Sunday, August 7, 2016

WASPS: The kind that burrow in the yard

This is the time of year when you might see Eastern cicada-killing wasps (Sphecius speciosus) digging their unsightly burrows in the yard or next to steps or the driveway. I've seen about a dozen of these burrows in the front yard this past week, and I caught a glimpse of a wasp entering her burrow.
Burrow of an Eastern cicada-killing wasp.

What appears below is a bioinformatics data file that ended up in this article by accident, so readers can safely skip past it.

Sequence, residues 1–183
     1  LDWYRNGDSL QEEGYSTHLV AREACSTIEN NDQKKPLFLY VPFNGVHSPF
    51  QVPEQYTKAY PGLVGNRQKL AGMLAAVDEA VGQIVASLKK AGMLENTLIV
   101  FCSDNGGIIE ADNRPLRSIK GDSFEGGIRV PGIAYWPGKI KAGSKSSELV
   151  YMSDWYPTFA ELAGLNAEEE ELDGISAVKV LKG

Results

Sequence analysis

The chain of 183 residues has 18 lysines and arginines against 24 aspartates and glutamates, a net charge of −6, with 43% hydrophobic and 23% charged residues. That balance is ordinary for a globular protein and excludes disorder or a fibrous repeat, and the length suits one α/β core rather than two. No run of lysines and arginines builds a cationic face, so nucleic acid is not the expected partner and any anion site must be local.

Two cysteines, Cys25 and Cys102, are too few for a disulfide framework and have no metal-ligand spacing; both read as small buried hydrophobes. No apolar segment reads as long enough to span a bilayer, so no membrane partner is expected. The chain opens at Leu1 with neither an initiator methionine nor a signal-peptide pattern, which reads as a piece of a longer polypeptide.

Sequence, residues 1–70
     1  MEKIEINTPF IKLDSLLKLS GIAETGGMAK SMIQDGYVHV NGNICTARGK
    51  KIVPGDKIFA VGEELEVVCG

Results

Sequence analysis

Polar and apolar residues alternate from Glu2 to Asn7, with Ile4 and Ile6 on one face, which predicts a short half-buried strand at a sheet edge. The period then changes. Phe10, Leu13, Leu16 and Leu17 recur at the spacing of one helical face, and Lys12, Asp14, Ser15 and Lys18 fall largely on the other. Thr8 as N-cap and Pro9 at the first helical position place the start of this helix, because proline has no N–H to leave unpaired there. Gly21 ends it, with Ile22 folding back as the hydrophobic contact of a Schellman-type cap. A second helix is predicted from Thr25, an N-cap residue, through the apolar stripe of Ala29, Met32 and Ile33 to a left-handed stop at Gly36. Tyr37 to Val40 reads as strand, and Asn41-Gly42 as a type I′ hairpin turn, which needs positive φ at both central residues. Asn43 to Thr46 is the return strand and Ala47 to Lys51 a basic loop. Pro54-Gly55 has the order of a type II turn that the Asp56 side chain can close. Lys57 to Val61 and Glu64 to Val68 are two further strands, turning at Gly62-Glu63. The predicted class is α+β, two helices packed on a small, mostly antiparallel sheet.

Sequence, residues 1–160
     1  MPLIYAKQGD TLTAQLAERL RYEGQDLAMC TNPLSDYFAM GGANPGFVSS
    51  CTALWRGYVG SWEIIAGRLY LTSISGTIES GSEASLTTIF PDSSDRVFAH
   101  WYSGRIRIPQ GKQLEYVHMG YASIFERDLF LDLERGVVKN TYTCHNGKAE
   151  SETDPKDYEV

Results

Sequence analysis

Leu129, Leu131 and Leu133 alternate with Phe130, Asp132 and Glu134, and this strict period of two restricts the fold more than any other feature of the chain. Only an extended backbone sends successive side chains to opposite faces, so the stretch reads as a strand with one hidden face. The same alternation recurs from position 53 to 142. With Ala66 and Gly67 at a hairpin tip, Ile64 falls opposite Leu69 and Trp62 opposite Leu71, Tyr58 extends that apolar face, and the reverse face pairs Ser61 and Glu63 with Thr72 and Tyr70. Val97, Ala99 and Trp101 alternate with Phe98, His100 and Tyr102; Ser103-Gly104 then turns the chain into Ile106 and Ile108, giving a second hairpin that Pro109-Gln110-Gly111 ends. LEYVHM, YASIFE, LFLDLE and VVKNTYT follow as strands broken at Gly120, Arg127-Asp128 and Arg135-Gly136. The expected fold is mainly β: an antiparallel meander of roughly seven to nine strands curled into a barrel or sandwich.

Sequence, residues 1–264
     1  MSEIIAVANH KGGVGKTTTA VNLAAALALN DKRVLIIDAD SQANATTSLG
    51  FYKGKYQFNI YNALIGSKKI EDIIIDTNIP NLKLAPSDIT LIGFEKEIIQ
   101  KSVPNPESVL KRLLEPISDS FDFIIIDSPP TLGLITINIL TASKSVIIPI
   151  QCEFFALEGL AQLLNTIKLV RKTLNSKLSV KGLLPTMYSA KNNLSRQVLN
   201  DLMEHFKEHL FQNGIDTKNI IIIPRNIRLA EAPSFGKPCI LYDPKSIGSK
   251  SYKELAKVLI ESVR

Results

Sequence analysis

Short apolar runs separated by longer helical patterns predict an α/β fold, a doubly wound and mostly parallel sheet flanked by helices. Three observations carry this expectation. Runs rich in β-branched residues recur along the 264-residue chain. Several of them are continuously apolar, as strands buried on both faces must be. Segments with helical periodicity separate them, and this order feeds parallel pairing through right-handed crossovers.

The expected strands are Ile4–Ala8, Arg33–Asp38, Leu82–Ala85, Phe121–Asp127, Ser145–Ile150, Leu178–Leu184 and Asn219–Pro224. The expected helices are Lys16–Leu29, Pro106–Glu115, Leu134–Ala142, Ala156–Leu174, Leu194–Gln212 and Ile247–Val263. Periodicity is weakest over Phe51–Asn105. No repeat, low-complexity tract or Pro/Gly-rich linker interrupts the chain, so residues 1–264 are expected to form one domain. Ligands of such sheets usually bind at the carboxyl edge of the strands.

They have an interesting life cycle. The female wasps first dig the burrows using their strong jaws and hind legs. They then hunt for cicadas, paralyze them with a sting, and haul them back to the burrow. Finally, they lay their eggs. Male eggs require only one cicada carcass, but the bigger females require two or three.
The grubs hatch in one or two days, use the cicadas as food, and spend the winter in the burrow as larvae before developing into pupae in the spring.
The adult wasps die off in September or October.
Although the male wasps don't sting and the females are not likely to, one friend said in her experience she had been stung and it was painful.


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